Narrating Postcolonial Arab Nations significantly enhances the interface between postcolonial literary studies and the hitherto under-studied Arab world. Lindsey Moore brings together canonical and less familiar Arab novels and memoirs from the last half century to consider colonial continuities and consequences. Literary narratives are shown to oppose repressive versions of nationalism and to track desire lines toward more hospitable nations. The literatures discussed in this book enable a deeper historical understanding of twenty-first century Arab uprisings and their aftermaths.
The book analyzes four rich sites of literary production: Egypt, Algeria, Lebanon, and Palestine. Moore explores ways in which authors critique particular nation-state formations and decolonizing histories, engage the general problematic of ‘the nation’, and redefine, repurpose, and transcend national literary canons. Chapter One contrasts Egyptian literary representations of popular revolt with official revolutionary discourse. Chapter Two addresses the enduring legacy of anti-colonial violence in Algeria and the place of Albert Camus in its literature. Chapter Three uses narratives of gender violence on the Beirut front line to reveal the divisibility and intersectional identity politics of postcolonial nation-states. Chapter Four emphasizes ways in which Palestinian memoirs insist upon remembering towards a postcolonial future.
The book provides detailed analysis of literary narratives by Etel Adnan, Rabih Alameddine, Alaa al-Aswany, Rachid Boudjedra, Albert Camus, Rashid al-Daïf, Assia Djebar, Ghada Karmi, Naguib Mahfouz, Jean Said Makdisi, Edward Said, Boualem Sansal, Raja Shehadeh, Miral al-Tahawy, and Latifa al-Zayyat. It is an indispensable volume for students and scholars of Postcolonial, Arab, and World literatures.
A Note on the Text
I. Postcolonial Studies and the Arab World: Towards a Critical Counterpoint
II. Postcolonial Arab Nations
III. Narrating Postcolonial Arab Nations
Chapter One. Before, After and Between the Revolutions: Desire and Death in Egypt
I. Revolution I / 1919—1952: Naguib Mahfouz, The Cairo Trilogy
II. Revolution II / 1946—1956: Latifa al-Zayyat, The Open Door
III. Between the Acts: Mahfouz, Miramar
IV. (Counter-)Revolution / After 1967: Miral al-Tahawy, Blue Aubergine
V. Death and Desire: Alaa al-Aswany, The Yacoubian Building
Chapter Two. ‘We Algerians’: National Emergencies and Alternative Genealogies
I. A Brief History of Algerian Violence: Two ‘Fanonian’ Wars
II. An Alternative Algerian Vision: Albert Camus, The First Man and ‘The Guest’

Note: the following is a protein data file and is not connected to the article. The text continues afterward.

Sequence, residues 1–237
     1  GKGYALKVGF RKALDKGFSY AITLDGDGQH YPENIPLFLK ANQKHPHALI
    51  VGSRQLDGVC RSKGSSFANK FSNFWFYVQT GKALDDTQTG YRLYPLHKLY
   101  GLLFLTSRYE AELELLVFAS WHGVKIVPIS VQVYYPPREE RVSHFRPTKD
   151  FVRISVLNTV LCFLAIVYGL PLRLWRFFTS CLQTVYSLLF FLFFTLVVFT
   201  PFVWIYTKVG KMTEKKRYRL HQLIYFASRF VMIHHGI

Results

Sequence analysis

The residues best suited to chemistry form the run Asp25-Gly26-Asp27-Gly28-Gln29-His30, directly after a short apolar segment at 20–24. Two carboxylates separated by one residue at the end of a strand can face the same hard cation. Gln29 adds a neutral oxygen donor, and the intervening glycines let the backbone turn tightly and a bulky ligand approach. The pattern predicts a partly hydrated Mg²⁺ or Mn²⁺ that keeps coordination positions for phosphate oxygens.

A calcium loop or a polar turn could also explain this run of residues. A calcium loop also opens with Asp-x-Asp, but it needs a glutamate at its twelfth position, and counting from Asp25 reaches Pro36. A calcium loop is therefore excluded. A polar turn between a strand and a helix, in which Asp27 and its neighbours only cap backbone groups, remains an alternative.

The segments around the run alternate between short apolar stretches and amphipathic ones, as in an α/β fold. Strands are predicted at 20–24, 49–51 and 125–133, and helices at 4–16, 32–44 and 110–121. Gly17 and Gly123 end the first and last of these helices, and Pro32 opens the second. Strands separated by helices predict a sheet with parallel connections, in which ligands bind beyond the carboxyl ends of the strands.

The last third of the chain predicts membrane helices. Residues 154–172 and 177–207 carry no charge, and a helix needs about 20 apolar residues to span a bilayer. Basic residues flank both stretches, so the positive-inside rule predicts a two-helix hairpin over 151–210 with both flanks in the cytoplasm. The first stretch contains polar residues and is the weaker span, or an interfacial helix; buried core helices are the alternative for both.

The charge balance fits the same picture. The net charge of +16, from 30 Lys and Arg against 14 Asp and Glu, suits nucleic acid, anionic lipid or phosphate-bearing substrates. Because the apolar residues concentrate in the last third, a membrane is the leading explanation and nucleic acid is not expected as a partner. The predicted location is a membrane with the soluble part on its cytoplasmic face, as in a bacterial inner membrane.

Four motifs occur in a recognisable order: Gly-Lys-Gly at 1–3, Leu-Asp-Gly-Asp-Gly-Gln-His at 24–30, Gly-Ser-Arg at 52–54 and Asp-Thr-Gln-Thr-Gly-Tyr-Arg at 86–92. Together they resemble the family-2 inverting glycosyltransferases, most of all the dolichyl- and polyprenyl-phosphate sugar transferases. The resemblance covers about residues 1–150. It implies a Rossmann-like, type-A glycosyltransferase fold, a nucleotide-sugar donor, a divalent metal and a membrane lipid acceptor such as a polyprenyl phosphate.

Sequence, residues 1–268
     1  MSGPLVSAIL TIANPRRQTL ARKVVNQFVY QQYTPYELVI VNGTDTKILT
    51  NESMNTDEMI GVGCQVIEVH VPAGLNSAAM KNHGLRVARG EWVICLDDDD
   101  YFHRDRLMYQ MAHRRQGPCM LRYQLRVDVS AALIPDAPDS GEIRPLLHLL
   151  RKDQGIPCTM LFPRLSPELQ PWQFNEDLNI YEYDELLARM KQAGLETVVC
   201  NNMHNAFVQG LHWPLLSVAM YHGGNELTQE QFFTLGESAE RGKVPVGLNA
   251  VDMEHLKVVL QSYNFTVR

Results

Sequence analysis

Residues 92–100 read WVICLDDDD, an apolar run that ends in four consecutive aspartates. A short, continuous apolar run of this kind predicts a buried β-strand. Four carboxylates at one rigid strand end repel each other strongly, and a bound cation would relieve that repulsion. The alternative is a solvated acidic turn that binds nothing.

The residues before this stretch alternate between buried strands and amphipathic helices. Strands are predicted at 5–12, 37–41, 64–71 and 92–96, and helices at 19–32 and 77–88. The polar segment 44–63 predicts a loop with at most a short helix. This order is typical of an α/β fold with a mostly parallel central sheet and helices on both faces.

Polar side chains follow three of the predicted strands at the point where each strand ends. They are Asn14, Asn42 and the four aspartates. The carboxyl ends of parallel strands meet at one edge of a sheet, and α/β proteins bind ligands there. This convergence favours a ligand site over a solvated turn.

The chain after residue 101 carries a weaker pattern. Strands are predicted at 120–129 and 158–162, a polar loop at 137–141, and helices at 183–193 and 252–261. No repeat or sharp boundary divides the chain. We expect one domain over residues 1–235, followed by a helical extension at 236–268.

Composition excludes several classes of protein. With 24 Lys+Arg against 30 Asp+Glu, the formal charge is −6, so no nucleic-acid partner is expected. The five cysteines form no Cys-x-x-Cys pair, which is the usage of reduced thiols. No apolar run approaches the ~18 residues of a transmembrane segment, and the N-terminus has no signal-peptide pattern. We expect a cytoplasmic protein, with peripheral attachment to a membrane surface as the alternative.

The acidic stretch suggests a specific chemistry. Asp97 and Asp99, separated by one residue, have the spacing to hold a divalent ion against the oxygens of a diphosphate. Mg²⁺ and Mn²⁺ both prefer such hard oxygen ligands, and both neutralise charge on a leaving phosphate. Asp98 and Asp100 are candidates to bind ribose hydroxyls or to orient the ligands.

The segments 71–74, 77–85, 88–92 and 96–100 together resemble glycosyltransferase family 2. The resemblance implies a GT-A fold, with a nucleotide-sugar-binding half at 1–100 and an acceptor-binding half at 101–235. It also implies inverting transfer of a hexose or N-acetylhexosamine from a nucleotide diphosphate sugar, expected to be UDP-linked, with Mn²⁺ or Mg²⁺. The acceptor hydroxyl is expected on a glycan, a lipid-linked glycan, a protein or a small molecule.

III. Unfinished Literature: Assia Djebar, Algerian White
IV. ‘Le fils naturel’: Rachid Boudjedra, The Repudiation and The Barbary Figs
V. Algerian Hospitality in the Feminine: Boualem Sansal, Harraga and Rue Darwin
Chapter Three. Gender Trauma on the Line: Lebanese War Literature
I. Taboo Subjects, Narrative Predicaments and the Front Line
II. Dissident Dismembering/Remembering: Etel Adnan, Sitt Marie Rose
III. Queerer and Queerer: Rachid al-Daïf, Passage to Dusk
IV. Gendered Space, Heteronormative Desire, Disavowed Histories
V. Rabih Alameddine, I, the Divine: A Novel in First Chapters
Chapter Four. Palestine in the Colonial Present: Ruins, Rifts and Remainders
I. Writing Palestinian Lives
II. Becoming Palestinian: Edward Said, Out of Place
III. An ‘Arab Woman’s Memoir’: Jean Said Makdisi, Teta, Mother and Me
IV. Resolution Deferred: Ghada Karmi, In Search of Fatima and Return
V. Ruins and the Rift: Raja Shehadeh, Strangers in the House, Palestinian Walks and A Rift in Time
Edited in collaboration with the Centre for Colonial and Postcolonial Studies, University of Kent at Canterbury, Routledge Research in Postcolonial Literatures presents a wide range of research into postcolonial literatures by specialists in the field. Volumes concentrate on writers and writing originating in previously (or presently) colonized areas, and include material from non-anglophone as well as anglophone colonies and literatures.
Part of our home for cutting-edge, upper-level scholarly studies and edited collections, this series considers postcolonial literature alongside topics such as gender, race, ecology, religion, politics, and science. Titles are characterized by dynamic interventions into established subjects and innovative studies on emerging topics. Series editors: Donna Landry and Caroline Rooney